Bordowitz Chapter 2

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S.R. [...] For me the interesting point is – and you already touched it a little bit – the inter-relation between conceptual reflexion on the representation system, and then in the 80s as you figured it out by the AIDS-crisis and other influences the issue of identity politics came very strongly into the artistic field. Maybe it's interesting to hear a little bit more about this, how you experienced this and how you developed your position.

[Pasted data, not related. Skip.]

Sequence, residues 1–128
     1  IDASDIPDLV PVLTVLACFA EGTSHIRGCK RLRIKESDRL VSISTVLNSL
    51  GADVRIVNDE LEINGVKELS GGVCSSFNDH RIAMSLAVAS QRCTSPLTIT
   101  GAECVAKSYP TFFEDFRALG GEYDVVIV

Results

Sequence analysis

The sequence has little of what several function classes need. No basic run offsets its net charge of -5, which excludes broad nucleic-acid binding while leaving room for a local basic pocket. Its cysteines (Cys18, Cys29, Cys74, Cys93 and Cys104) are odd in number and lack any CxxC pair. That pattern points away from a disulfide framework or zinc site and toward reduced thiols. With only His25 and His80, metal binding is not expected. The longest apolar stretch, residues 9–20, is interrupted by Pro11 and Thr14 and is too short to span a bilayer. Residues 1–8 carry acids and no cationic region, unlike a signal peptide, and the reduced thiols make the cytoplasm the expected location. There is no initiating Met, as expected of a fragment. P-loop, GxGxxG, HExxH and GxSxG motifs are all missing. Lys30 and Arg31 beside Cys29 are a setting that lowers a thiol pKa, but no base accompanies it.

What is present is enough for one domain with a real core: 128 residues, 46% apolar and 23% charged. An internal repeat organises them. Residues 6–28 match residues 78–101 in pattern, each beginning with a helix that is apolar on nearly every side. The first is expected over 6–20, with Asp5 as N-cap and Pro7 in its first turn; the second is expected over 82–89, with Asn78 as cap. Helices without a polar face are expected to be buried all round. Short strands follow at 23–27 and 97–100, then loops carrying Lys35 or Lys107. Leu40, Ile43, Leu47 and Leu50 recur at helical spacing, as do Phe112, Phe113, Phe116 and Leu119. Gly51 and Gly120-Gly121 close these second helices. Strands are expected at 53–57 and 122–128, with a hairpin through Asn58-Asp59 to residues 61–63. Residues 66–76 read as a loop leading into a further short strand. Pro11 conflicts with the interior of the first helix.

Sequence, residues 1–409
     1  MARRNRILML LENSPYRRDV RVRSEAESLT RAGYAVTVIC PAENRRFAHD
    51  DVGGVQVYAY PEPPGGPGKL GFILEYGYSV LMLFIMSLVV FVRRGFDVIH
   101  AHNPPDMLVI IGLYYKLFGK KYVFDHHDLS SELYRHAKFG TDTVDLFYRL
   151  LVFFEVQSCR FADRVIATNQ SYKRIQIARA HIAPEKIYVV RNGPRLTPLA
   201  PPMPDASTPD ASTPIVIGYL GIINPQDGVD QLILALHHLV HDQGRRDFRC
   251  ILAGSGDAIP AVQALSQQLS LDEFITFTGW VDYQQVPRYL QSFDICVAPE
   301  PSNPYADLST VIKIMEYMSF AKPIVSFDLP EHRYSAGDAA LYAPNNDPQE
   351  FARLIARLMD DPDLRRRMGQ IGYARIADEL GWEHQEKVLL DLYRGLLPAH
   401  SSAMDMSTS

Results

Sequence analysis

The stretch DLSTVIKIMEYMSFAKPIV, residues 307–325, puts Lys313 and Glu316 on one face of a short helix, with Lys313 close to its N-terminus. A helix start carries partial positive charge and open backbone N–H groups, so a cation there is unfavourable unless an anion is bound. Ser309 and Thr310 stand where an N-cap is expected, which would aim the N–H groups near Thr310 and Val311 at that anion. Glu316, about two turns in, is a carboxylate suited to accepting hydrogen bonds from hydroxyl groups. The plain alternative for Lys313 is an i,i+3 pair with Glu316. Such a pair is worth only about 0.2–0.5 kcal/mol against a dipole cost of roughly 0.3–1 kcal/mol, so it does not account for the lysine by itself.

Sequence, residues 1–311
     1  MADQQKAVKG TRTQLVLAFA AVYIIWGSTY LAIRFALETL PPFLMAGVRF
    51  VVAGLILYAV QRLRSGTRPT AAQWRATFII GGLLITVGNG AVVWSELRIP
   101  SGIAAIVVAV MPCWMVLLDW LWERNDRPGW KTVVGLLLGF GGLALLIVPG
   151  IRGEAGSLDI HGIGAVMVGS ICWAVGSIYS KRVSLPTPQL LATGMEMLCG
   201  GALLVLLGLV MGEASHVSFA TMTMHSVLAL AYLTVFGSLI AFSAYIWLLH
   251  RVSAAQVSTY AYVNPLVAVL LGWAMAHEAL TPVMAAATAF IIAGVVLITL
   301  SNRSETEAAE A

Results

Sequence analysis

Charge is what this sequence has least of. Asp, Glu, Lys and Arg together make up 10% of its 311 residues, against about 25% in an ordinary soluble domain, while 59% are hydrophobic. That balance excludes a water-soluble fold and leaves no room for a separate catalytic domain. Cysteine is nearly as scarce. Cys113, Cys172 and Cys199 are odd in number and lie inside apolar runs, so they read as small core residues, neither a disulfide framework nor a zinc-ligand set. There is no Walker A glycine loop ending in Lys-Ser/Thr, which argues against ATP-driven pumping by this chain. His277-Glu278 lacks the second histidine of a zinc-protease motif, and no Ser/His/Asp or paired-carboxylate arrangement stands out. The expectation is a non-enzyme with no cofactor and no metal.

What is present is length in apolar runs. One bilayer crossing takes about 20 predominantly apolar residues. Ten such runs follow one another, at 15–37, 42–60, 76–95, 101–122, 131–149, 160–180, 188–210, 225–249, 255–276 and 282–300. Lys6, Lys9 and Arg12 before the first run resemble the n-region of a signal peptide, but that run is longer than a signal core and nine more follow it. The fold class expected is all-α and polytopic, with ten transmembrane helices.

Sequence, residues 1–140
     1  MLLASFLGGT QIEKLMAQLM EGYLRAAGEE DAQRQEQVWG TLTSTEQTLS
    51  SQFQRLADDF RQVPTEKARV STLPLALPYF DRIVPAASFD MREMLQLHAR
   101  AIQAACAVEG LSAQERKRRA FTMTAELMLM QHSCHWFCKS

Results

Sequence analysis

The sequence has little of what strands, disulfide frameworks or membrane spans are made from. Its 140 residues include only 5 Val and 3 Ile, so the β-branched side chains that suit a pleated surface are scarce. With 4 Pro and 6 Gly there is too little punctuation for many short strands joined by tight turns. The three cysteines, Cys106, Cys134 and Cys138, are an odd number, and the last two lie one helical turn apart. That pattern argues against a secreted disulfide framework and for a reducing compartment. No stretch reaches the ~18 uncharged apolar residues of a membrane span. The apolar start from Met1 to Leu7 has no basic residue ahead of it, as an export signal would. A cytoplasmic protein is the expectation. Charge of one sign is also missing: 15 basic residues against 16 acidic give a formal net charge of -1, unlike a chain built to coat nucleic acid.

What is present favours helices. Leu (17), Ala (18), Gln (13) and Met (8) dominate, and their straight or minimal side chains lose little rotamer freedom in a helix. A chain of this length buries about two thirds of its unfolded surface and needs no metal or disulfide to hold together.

G.B. The context of the Aids-crisis completely shaped my work and my life very specifically and dramatically. But I have to say my interest in politics predated the Aids-crisis. Mark Dion and I worked together on the Lower East Side with a group that was working in solidarity with the Nicaraguan revolution. We were very much interested in doing political work, and using our talents as artist we idealized the Soviet model (smiles), Constructivism and Productivism, Productivism more specifically which we had actually been studying and hearing about through B. Buchloh's class at School of Visual Arts, as well as being influenced by C. Owens' engagement with feminism and identity politics. We were trying, I was trying to find a way to bring my work directly into contact with social movements for change before the Aids-crisis. The Aids-crisis happened and I was already pre-disposed to moving my work in that direction. I was dissatisfied (?) to talk to Mark about this, I have talked about it to him a long time, but I was very dissatisfied with the abstract nature of the political work I was doing and the way I couldn't really bring formal experimentation into that context. When I say that we did Nicaraguan solidarity work, we were basically making the posters (smiles) [...] there was not much room for the kind of formal interrogation I was very much interested in as well. Also it seems very abstract I was living in a Spanish-speaking neighbourhood yet I was doing political work about a place in Central America that was very far away and of a different culture than my Puertorican neighbourhood [...]. I tried to do political work, and also be in contact with the people around me, but in fact, the work that I was doing wasn't really bringing me in direct contact with my neighbours and friends in the Lower East Side. The Aids-crises arose and posed a challenge to meet, which was a challenge I was ready to meet, which was to do work that was directly responding to sth that was happening to all of us. But you asked a slightly different question. There are different tendencies within the history of art that I identified with that made this leap possible. I was very much interested in historical Conceptual art, I was J. Kosuth's assistant in the mid 80s form 1983 to 1985. That was part of my interest and love of art and the history of art, and my work at that time and my studying with Kosuth was very much about furthering art, and I've never let go of my preoccupations with the language and discourse in history of art but I've always felt that the language history in discourse of art were shaped and advanced – there can be an advance – through its engagement with larger history. There was a certain kind of hermeticism, a sealed-off nature of gallery Conceptual art that lead me to look to models such as M. Rosler and A. Piper and then most significant for me Y. Rainer. [...] Y. Rainer is probably the most significant and largest influence on my work and my thinking about my work. I saw »Journeys from Berlin« (?) in the mid 80s and I saw »The Man Who Envied Women« also in the 80s and Yvonne's capaciousness, the way that she can brace everything within the scope of a film and not let go of her formal interrogation; how she could be experimental at the level of representation and at the same time directly engaged with what's going on around her in her world was hugely influential on me. Basically I just tried to do that; my first video is (...) the videotape of a young bisexual man caught in the Aids-crisis trying to do a M. Rosler videotape (??) some aspect of a shared lifestyle (smiles). If you see it, it's deeply indebted to M. Rosler's »Vital Statistics of a Citizen Simply Obtained« – it's a combination of that and Yvonne's work [...]. I'm not embarrassed (smiles), I am not embarrassed, but you can see if you look on my first tape it is me just attempting to try to do what the models I adopted were doing (nods).

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